While everyone’s howling at the moon these days about health insurance, a certain voluntary benefit no longer resembles that lonely puppy with sad eyes in the pet store that gets passed over by customer after customer.
The benefit is pet insurance, which continues to grow in popularity with employees — and employers — around the country and at companies both large and small. There are a few reasons for the furry phenomenon: The Patient Protection and Affordable Care Act is causing many employers to review their benefits packages, searching for ways to add value without adding cost. Another reason is competition. Plenty of employers offer the benefit, and with pet owners very well-represented in the workplace, it behooves companies to keep up with their competitors.
“The headline is exploding growth,” says Deanna Single, director of group accounts for VPI Pet Insurance of Brea, California. “The Affordable Care Act, with its implementation this year, has companies looking more and more at their benefits and seeing they’re open to pet insurance. We’re seeing employees taking a greater interest in it as well. I think now that human resources departments are doing better at promoting available benefits, and with the changes in the health care market, [employers are] looking more closely than they have in the past to make sure they have the appropriate coverage for all areas of their life.”
Single’s company, VPI, was the first company in the country to offer pet insurance, famously writing a policy for everyone’s favorite collie, Lassie, in 1982. VPI, according to company sources, provides pet insurance to one in three Fortune 500 companies and more than 3,800 companies as a whole.
Chipotle Mexican Grill, Deloitte LLP, Delta Airlines, T-Mobile, Boeing and Xerox are just a few of the nation’s largest companies that offer pet insurance to their employees. Single says an internal VPI focus group puts pet insurance in the top three most requested benefits by employees.
Petplan, another pet insurance provider, was among the top 50 on Forbes’ annual ranking of America’s Most Promising Companies — a showcase of 100 private, high-growth companies — in 2013 and 2014. Petplan conducted a survey recently that found that more than 98 percent of pet parents consider their pets to be part of their family.
“Viewing it through that lens, it’s not hard to understand why pet insurance as an employee benefit is growing in popularity — in fact, it is now the third most-requested voluntary benefit,” says Chris Ashton, co-founder and co-CEO of Petplan, which is located in Philadelphia. “And with no cost or administrative burden to the company’s HR team, offering Petplan pet insurance is a great way to help attract and retain talent, while recognizing the indispensable role pets play in our lives.”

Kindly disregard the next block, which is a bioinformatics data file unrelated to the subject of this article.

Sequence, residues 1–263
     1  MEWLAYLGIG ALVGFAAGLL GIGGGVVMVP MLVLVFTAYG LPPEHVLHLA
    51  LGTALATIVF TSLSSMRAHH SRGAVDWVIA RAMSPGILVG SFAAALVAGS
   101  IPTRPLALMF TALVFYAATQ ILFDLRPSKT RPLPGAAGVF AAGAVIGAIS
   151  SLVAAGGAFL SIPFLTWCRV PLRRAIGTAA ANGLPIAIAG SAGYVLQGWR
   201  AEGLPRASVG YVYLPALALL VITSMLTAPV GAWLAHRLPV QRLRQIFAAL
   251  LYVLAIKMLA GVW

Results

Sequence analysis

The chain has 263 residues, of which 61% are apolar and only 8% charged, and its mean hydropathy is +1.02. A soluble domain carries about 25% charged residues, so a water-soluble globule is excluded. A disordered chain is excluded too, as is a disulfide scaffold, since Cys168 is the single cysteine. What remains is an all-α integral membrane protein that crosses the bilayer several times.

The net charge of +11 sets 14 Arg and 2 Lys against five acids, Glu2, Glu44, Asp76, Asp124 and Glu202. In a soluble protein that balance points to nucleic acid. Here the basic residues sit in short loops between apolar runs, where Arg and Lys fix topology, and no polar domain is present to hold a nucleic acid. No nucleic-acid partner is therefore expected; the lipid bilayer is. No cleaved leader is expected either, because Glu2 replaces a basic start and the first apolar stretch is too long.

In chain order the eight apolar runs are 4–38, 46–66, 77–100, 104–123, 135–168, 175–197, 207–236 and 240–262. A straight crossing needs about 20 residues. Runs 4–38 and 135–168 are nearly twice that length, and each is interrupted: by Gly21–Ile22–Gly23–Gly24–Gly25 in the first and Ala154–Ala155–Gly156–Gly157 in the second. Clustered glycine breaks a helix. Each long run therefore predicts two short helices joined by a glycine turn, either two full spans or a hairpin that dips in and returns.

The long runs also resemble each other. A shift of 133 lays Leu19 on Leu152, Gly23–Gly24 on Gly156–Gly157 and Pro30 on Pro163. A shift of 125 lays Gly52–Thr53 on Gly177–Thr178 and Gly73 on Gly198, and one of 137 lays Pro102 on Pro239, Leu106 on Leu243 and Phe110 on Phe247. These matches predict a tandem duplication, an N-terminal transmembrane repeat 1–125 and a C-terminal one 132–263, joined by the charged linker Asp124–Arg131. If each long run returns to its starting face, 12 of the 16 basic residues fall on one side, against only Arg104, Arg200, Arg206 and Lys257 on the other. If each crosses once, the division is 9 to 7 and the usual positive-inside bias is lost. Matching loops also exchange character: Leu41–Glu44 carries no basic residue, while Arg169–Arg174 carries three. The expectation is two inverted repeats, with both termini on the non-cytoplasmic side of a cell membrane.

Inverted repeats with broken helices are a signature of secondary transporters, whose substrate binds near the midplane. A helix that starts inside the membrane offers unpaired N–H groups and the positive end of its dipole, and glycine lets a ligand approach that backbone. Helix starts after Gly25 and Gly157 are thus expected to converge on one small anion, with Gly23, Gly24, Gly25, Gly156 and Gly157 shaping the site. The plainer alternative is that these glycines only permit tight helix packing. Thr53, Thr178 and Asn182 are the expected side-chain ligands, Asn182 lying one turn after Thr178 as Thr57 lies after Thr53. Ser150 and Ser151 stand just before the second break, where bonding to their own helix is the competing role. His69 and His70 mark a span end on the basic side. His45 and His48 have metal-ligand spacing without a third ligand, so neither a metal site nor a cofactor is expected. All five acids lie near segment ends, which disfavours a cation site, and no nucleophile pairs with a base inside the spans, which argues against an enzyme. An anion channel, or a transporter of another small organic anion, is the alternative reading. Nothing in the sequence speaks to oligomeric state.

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The benefit has grown enough that a few companies now pay a percentage of their employees’ cost.
“It’s not as widespread as we’d like it to be,” Single says. “But we have some employers that will pay 100 percent, and we have some that pay a percentage of the premium. Some employers offer a fixed amount that the employee can spend on whatever they way want — including pet insurance.”
Pet insurance has even become part of private benefits exchanges. VPI is a part of Mercer Marketplace, for example. In this setting, employees can choose pet insurance from a menu of other voluntary benefits.
“With the explosion of the exchange market, we’re in more benefits platforms,” Single says. “Just like the states had to come up with an exchange, private industry has responded in the exchanges. As [we are] the leader in the pet insurance market, they’ve been reaching out to us so employees will have access to us on the exchange. It’s a very exciting time — it’s a whole new area of benefits that’s coming to the market that didn’t exist 18 months ago.”
According to a 2013 Towers and Watson study, 30 percent of companies offer pet insurance, which means the industry still has room to grow. Single says VPI is moving forward with new products — including a guaranteed issue product and a move into the finance market in order to help employees pay for expensive procedures for their favored furry ones.
Ashton adds that there still are plenty of pets that could be covered.
“With less than 2 percent of U.S. and Canadian pets insured — compared with 25–50 percent in some European countries — pet insurance is set for enormous growth as awareness develops, and employee benefits is one of the ways we do that,” Ashton says. “There are very few opportunities with such massive potential for growth as what currently exists in the benefits space.”